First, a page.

Working parents stung by holiday childcare fees

By Lydia Anderson

1 comment
Check your contract with your preschool centre for extra charges, such as off-site excursions and public holiday fees.
Check your contract with your preschool centre for extra charges, such as off-site excursions and public holiday fees.

Parents have voiced frustration after being charged childcare fees on Labour Day, despite their kids' preschool centres being closed. With Christmas holidays approaching parents are set to be stung again, creating further tensions.

As Lydia Anderson reports, it pays to read the fine print when choosing a preschool.

Check your contract with your preschool centre for extra charges, such as for off-site excursions and public holiday fees.CHILDCARE fees can set working parents back a small fortune, so nasty surprises about a centre's fee structure are about as welcome as a bad flu.

Public holidays such as Queen's Birthday or Labour Day are a welcome break for many workers, and a chance to spend time with their kids who might normally be attending preschool.

But some parents are upset at being charged childcare fees on public holidays when their centre was actually closed.

West Auckland mother Amber Longdill said it was annoying to pay about $60 in fees for Labour Day to Kindercare Early Learning Centre for her daughter, Isabella, 2, when the centre was shut.

She said it was hard on people who weren't working and were on tight budgets, as well as those who had to work on public holidays.

"Not only do they have to pay for a daycare their child can't attend, they have to pay someone else on top of that to have their child for the day."

Other parents have taken to parenting groups on Facebook and online forums to vent their frustration.

When choosing a centre, parents should make a checklist of what they want for their child, and go with the centre that best meets their needs, the Early Childhood Council says.

Chief executive Peter Reynolds says costs range hugely, from free if you are eligible for the Government's "20 hours free" scheme, to several hundred dollars a week for full-time care.

It all depends on what the centre provides and what their "core philosophy" is.

Up to 60 per cent of a centre's operating costs are teacher salaries, so the more qualified teachers they employ the higher the fees, Reynolds says.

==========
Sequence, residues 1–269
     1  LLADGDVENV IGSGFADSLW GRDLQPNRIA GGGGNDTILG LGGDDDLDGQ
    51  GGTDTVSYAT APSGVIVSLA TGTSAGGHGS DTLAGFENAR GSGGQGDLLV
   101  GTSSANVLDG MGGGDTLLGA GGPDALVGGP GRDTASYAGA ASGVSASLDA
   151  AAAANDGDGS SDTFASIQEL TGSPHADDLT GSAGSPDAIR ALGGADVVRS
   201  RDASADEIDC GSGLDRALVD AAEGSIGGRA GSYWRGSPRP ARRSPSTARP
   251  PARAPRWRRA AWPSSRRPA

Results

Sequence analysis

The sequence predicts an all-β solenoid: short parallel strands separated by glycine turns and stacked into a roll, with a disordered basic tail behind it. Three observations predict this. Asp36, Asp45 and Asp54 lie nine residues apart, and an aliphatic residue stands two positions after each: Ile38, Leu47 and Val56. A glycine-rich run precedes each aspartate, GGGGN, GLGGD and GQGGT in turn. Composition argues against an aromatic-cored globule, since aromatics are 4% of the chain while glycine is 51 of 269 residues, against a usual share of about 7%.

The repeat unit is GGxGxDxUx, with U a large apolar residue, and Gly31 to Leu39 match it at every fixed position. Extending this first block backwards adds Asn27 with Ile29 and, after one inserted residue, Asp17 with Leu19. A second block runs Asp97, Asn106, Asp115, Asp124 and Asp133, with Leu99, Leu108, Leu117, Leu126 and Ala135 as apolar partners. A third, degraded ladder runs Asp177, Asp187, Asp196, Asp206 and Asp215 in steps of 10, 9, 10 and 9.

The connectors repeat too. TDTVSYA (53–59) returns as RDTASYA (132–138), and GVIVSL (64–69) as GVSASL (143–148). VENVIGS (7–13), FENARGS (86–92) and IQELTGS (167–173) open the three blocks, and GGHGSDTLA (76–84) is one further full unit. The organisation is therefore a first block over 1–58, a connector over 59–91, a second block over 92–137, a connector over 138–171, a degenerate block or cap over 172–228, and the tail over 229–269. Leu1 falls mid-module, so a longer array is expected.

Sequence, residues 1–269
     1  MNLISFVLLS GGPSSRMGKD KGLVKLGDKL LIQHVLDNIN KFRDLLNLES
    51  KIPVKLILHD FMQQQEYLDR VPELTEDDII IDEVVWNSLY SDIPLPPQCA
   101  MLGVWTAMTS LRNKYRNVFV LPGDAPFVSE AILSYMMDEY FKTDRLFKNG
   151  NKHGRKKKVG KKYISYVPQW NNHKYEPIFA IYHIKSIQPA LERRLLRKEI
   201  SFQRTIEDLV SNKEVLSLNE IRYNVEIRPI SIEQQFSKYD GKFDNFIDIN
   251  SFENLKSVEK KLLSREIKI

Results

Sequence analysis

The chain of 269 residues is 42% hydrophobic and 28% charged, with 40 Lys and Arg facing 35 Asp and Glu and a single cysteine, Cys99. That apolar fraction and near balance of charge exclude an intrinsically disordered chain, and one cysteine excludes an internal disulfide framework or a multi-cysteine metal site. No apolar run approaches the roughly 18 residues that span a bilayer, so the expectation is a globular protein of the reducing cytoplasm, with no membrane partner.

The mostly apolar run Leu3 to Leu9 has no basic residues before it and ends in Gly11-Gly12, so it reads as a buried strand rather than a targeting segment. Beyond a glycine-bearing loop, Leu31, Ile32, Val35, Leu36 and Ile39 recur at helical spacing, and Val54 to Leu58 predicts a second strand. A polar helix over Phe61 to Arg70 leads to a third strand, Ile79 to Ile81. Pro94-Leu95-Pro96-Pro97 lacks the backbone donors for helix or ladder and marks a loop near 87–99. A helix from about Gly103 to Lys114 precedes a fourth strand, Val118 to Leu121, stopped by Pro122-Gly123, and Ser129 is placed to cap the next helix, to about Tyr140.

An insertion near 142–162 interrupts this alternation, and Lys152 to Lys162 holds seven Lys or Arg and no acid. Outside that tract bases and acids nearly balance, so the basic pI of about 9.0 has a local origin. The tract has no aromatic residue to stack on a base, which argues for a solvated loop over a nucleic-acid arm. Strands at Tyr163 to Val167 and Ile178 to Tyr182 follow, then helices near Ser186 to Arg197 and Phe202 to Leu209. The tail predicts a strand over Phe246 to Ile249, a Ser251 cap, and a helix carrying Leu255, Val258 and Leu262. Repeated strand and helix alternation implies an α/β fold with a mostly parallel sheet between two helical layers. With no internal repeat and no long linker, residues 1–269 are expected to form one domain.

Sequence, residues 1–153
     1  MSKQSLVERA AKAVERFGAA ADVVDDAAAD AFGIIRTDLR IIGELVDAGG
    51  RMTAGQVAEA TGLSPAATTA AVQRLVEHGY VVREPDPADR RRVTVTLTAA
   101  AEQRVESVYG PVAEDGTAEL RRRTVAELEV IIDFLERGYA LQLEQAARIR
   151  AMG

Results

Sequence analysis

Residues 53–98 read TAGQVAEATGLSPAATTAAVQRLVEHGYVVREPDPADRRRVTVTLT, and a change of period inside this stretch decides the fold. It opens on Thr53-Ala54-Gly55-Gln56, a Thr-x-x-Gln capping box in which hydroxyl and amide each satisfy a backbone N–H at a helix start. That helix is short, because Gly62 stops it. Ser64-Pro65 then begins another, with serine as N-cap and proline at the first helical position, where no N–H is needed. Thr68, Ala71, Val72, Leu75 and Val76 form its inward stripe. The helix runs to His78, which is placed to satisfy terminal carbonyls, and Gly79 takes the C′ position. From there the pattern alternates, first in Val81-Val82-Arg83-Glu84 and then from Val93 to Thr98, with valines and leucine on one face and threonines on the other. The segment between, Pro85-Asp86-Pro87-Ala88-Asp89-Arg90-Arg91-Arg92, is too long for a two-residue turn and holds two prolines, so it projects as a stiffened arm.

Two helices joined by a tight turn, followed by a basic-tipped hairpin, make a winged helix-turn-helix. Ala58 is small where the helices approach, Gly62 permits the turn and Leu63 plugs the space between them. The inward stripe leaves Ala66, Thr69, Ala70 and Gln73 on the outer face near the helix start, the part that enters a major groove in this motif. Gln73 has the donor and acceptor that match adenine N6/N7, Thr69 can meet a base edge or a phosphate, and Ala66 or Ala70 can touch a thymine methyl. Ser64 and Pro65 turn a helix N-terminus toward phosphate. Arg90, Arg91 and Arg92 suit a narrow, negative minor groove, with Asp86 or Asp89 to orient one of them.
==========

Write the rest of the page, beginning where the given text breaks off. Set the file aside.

Also, centres with an on-site chef - or a nature-based philosophy that involves many off-site excursions - will have added costs.

"Take the opportunity to shop around and make a value judgment," he says.

For families concerned about being charged over the Christmas break, it's a good idea to read the enrolment contract.

Reynolds says being charged for public holidays happens across the board; as employers, childcare centres all have to pay staff.

Many centres build the charge implicitly into their fee structure, so parents don't notice any extra fee on holidays.

However the issue crops up from time to time as some centres list it as a separate fee, which leads parents to complain.

"For some parents, that can rile them a bit ... and I can understand that," says Reynolds.

"If you're uncomfortable with that being an explicit part of the fee that you pay, then look around for a centre that doesn't appear to be charging - but trust me, they all do," he says.

Consumer New Zealand adviser Maggie Edwards agrees with Reynolds, and urges parents to always read their contract so they know what to expect in terms of fees.

It's also worth noting that most centres sting parents when their kids are sick or unable to attend on their scheduled days - though some charge discounted "holding fees" in these instances.

Reynolds says parents will need to pay fees for Christmas statutory holidays, however most centres don't charge full fees on non-statutory days if parents withdraw their children, say, to go on a holiday.

A small holding fee may be required by some centres for the days absent.

If a parent is really unhappy with their centre's fee structure, or if public holiday fees seem unreasonable, discuss it with the centre manager and ask what the fees are paying for.

But Reynolds empasises that it can be very disruptive for a child to change centres, so parents should consider that as a last resort after exhausting other avenues.

- Northern Advocate

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